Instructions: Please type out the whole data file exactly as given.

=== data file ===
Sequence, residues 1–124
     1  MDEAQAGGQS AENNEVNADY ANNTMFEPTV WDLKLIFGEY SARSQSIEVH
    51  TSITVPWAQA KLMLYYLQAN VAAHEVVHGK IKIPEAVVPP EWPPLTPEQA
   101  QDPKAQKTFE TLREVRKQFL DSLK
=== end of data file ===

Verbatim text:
Sequence, residues 1–124
     1  MDEAQAGGQS AENNEVNADY ANNTMFEPTV WDLKLIFGEY SARSQSIEVH
    51  TSITVPWAQA KLMLYYLQAN VAAHEVVHGK IKIPEAVVPP EWPPLTPEQA
   101  QDPKAQKTFE TLREVRKQFL DSLK